Robust population pharmacokinetic experiment design.
2005 (English)In: Journal of Pharmacokinetics and Pharmacodynamics, ISSN 1567-567X, E-ISSN 1573-8744, Vol. 32, no 1, 33-64 p.Article in journal (Refereed) Published
The population approach to estimating mixed effects model parameters of interest in pharmacokinetic (PK) studies has been demonstrated to be an effective method in quantifying relevant population drug properties. The information available for each individual is usually sparse. As such, care should be taken to ensure that the information gained from each population experiment is as efficient as possible by designing the experiment optimally, according to some criterion. The classic approach to this problem is to design "good" sampling schedules, usually addressed by the D-optimality criterion. This method has the drawback of requiring exact advanced knowledge (expected values) of the parameters of interest. Often, this information is not available. Additionally, if such prior knowledge about the parameters is misspecified, this approach yields designs that may not be robust for parameter estimation. In order to incorporate uncertainty in the prior parameter specification, a number of criteria have been suggested. We focus on ED-optimality. This criterion leads to a difficult numerical problem, which is made tractable here by a novel approximation of the expectation integral usually solved by stochastic integration techniques. We present two case studies as evidence of the robustness of ED-optimal designs in the face of misspecified prior information. Estimates from replicate simulated population data show that such misspecified ED-optimal designs recover parameter estimates that are better than similarly misspecified D-optimal designs, and approach estimates gained from D-optimal designs where the parameters are correctly specified.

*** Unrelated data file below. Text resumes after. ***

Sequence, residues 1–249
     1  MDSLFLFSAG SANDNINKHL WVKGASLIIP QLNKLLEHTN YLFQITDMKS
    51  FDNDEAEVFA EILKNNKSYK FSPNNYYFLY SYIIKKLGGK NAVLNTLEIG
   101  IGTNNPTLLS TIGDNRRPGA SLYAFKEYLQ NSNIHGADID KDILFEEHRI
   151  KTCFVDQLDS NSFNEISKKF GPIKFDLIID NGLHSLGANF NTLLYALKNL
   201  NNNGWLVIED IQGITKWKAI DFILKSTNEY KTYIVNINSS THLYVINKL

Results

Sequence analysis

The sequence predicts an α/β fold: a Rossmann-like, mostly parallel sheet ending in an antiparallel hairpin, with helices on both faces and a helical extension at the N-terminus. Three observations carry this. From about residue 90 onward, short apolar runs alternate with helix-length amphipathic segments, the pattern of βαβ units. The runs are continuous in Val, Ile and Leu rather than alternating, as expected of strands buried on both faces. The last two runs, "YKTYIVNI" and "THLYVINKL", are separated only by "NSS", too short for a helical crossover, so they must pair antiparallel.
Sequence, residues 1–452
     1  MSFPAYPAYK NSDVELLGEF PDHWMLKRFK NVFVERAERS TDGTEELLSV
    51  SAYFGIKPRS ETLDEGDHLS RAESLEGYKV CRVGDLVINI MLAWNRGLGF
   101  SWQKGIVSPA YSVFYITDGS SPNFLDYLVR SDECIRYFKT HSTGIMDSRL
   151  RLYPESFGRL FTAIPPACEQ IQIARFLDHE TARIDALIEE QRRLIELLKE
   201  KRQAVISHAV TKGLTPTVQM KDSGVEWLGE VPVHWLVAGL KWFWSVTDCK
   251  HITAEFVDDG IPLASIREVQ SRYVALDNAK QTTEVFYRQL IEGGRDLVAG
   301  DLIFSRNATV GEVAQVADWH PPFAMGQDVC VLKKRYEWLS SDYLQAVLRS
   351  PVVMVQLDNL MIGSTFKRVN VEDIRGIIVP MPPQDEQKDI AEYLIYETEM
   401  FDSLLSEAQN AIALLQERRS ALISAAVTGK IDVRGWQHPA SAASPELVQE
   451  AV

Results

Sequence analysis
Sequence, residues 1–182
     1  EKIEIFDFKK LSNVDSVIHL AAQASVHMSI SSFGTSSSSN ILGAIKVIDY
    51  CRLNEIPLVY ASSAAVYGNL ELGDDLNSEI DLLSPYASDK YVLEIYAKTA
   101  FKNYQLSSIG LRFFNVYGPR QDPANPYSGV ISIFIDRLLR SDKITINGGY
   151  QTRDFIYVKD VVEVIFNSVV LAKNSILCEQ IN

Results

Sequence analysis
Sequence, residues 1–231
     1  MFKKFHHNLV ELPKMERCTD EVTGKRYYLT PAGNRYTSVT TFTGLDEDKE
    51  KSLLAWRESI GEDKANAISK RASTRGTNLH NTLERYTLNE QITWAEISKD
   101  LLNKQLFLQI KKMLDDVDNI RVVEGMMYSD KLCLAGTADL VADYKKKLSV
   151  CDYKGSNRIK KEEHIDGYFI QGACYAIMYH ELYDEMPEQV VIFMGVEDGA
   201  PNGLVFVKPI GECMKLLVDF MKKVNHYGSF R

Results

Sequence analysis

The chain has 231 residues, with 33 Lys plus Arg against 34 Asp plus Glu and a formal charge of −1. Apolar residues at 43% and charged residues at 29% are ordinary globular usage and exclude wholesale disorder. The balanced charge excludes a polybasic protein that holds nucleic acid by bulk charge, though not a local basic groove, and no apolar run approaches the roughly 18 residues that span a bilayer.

Place, publisher, year, edition, pages
2005. Vol. 32, no 1, 33-64 p.
Medical and Health Sciences
IdentifiersURN: urn:nbn:se:uu:diva-183458DOI: 10.1007/s10928-005-2102-zPubMedID: 16205840OAI: oai:DiVA.org:uu-183458DiVA: diva2:562842